Both Craig Brown and Peter Houston praised their youngsters after Aberdeen and Dundee United battled out in what was an entertaining 2-2 draw at Pittodrie.
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The Dons took an early lead through Scott Vernon, but a Gavin Gunning header and a horrific own-goal from Jamie Langfield put the visitors ahead at the break, before Niall McGinn thundered home a free-kick early in the second half to ensure the sides shared the points.
Dons boss Brown said: "I think we had a good chance to get three points.
"In the first 20 minutes the game could have been out of sight, but we missed some good chances and the conceded some bad goals.
"You can't do that against Dundee United because they're a good team, and a good away team particularly.
"You can't concede goals like the second one in particular and expect to beat a good side like United.
"I was pleased with the overall performance. With four teenagers in the team, I thought we played exceptionally well. If you take away the two goals we conceded, I don't think Dundee United had many more chances in the game."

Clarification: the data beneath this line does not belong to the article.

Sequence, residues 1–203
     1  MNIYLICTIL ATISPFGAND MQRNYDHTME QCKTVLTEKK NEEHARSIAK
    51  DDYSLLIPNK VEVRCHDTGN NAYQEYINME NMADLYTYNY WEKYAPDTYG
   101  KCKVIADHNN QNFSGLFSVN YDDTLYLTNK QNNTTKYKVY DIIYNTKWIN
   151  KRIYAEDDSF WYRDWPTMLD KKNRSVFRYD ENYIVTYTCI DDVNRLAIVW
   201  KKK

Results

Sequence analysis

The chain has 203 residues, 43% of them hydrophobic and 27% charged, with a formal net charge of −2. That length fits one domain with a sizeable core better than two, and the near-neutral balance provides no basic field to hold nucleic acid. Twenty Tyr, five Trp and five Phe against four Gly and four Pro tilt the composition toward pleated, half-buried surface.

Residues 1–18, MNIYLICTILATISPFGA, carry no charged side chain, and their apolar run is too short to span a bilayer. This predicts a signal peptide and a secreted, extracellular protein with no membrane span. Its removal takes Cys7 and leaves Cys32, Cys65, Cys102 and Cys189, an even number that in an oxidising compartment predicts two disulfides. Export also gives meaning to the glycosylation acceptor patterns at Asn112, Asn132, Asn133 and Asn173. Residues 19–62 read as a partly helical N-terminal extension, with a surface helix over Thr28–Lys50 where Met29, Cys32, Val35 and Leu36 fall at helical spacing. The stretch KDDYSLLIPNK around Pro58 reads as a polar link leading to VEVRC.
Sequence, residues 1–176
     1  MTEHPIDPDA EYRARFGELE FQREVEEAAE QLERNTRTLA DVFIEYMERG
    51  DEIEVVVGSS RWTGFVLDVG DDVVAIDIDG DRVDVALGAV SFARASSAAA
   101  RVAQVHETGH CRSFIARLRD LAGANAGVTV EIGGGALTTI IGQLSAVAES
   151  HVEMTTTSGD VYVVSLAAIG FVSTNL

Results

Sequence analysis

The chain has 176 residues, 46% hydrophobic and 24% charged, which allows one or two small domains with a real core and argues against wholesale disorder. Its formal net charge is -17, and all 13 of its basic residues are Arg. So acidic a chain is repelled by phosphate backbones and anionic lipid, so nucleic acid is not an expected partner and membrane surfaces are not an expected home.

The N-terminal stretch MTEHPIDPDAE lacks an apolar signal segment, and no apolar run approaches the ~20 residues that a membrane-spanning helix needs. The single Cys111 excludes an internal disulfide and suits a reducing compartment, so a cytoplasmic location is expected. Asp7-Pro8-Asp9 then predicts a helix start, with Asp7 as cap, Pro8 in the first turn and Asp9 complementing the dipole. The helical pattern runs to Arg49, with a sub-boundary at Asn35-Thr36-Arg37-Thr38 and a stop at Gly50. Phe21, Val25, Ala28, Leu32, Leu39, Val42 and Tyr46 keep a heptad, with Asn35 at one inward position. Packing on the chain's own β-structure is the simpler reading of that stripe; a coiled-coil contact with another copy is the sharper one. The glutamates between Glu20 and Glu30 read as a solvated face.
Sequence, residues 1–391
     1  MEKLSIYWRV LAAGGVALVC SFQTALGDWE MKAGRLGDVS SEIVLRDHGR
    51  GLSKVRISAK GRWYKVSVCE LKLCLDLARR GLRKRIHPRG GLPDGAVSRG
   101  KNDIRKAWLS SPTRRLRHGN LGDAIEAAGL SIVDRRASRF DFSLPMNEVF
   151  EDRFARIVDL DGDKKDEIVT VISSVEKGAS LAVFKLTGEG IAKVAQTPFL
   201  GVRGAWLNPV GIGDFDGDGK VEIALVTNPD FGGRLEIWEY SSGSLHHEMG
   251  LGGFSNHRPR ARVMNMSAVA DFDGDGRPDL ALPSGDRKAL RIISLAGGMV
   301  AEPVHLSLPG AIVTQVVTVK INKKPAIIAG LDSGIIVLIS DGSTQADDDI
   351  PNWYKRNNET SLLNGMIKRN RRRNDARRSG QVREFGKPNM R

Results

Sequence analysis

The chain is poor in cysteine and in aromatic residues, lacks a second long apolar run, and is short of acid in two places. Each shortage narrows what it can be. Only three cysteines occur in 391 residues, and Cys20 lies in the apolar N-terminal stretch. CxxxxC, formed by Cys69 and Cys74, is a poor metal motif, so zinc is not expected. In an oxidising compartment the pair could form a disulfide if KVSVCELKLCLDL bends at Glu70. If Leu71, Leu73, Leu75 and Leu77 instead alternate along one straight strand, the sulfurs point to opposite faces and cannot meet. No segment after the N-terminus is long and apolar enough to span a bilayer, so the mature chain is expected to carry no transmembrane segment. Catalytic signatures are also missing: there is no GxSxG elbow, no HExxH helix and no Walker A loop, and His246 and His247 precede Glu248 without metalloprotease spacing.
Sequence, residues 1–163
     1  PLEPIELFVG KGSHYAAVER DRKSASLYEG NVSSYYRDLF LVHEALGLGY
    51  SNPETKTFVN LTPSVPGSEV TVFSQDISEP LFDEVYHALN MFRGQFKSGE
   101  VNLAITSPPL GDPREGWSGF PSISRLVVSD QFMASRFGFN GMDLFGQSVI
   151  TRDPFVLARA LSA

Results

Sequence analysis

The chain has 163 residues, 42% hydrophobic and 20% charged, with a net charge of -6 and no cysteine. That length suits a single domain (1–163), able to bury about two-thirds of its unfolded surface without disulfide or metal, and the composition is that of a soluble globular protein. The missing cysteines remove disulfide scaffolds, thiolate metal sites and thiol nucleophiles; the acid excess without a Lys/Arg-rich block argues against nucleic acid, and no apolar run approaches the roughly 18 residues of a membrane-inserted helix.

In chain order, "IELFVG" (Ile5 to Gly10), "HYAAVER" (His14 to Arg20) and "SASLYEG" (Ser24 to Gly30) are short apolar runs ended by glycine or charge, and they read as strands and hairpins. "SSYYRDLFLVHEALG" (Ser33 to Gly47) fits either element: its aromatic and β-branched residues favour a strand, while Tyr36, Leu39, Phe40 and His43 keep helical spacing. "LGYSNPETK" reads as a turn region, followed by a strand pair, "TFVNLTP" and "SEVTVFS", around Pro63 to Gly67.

Langfield's mistake for the second Dundee United goal is not the first error the goalkeeper has made this term, but Brown was keen to deflect criticism away from his number one.
"The second goal was a goalkeeping error, but I don't criticise individuals," he said. "Up at the other end we missed chances we should have put away. It's only fair that if you criticise the defenders, you criticise the forwards as well.
"I compliment the team on their attitude. Again there was a second half fightback which didn't conclude in a victory, but I thought there was only one side going to win it."
Tangerines manager Houston was left frustrated by the soft free-kick that led to McGinn's leveller, but felt that a share of the spoils was a fair result.
"I think the draw was a fair result, but what has annoyed me is that I didn't think it was a free-kick for the second Aberdeen goal," he said.
"There were loads of similar incidents in the middle of the park, so I don't understand why Jon Daly standing his ground is a free-kick just because it's on the edge of the box.
"Great credit to the players for coming back from 1-0 down again. I felt we looked dangerous on the counter-attack and worked really hard
as a team. There were a lot of star performers out there."
Houston handed Aberdeen-born teenager John Souttar his debut for the Arabs, and at 16 years and 99 days, he becomes the youngest player to pull on the Tangerine jersey, taking over a record that had stood since Ian Mitchell made his debut against Hibs in 1962.
"It was forced upon us through injury and suspensions, but I'm never scared to throw young guys in," he said. After the first 10 or 15 minutes he played excellently.
"He looked nervous to begin with, playing a lot of 10-yard passes. One of the things he has in him is a 60-yard pass. He'll be a player for Dundee United as a centre-half one day, I rate him that highly. Both teams had plenty of young talent on show."